Friday, April 13, 2007

Obama Introduces Homes for Heroes Act

Senator Barack Obama (D-IL) yesterday introduced the Homes for Heroes Act, a bill that will help provide housing for low-income Veterans and at least begin to solve the problem of homelessness among America's military Veterans.

"Every day in America, there are men and women on street corners with handwritten signs that say 'Homeless Veteran--Will Work For Food.' Sometimes we give a dollar, sometimes we just keep walking. These are soldiers who fought in World War II, Korea, Vietnam, and Iraq," said Obama on the Senate floor. "They made a commitment to their country when they chose to serve and now we must keep our commitment to them."

"Because when we make the decision to send our troops to war, we also make the decision to care for them, to speak for them, and to think of them--always--when they come home."

S. 1084, which is cosponsored so far by Senators Reid, Schumer, Menendez, Brown and Cantwell, would help expand long-term access to affordable housing for America's homeless Vets, many of whom are afflicted with lingering Post-Traumatic Stress Disorder and the resulting substance-abuse problems. The legislation does this by creating a fund that will feed into community and nonprofit organizations so they can purchase, build, or rehabilitate homes and apartments for Veterans.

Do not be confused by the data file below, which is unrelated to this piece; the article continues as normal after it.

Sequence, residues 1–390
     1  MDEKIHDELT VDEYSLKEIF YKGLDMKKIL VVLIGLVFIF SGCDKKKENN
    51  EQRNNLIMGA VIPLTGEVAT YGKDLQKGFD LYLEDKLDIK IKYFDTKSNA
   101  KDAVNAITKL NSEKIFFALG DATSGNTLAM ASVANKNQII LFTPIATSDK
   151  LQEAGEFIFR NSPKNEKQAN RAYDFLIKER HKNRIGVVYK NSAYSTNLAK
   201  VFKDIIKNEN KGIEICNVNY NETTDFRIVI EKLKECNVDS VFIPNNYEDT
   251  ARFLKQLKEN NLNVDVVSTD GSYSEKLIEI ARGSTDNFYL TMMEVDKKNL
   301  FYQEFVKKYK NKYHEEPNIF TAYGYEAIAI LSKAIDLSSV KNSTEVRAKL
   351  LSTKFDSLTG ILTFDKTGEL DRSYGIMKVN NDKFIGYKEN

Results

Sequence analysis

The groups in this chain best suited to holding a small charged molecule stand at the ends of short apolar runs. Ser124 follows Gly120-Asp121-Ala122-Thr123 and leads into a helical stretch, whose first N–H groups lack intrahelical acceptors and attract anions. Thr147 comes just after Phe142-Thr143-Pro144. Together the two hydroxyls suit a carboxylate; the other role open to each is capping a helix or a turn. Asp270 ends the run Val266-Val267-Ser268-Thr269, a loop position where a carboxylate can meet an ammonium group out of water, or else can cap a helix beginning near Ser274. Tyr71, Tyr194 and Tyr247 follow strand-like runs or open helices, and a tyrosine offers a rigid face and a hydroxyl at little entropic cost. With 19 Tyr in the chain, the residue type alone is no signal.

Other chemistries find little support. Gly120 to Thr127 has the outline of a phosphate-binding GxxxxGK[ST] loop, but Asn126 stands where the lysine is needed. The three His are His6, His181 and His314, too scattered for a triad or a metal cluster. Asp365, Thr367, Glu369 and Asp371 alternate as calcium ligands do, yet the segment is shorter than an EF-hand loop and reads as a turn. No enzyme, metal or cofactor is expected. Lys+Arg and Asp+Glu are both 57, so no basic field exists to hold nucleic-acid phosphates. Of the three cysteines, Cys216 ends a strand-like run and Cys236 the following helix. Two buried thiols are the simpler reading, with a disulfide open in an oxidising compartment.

The bill would also provide for services like counseling, employment training, and child care for the Vets who live in this housing, while expanding the number of permanent housing vouchers for Veterans from the current number of less than 2,000 to 20,000 and making that higher number permanent.

"Each and every night in this country, more than 200,000 of our Nation's veterans are homeless. And nearly twice as many will experience homelessness over the course of a year," said the Illinois Senator, who is also a presidential candidate. "All have risked their lives for their country. All deserve--at the very least--the basic dignity of going to sleep at night with a roof over their head. And every day we allow them to go without, it brings shame to every single one of us."

And Obama seized on what is often the hypocritical nature of people who are quick to slap a support-the-troops ribbon on their vehicle, but who quickly lose interest in caring for those who served once they return home and the fighting is over.

"We're quick to offer words of praise for our troops when they're abroad, but quick to forget about their needs when they come home," said Obama. "It's wrong because we have the resources and the programs in place to help solve this problem. And it's wrong on a fundamentally moral level -- the idea that we would allow such brave and selfless citizens to suffer in such biting poverty. And so it is now our responsibility -- it is now our duty -- to make this right."

The bill has been referred to the Banking, Housing, and Urban Affairs Committee for consideration.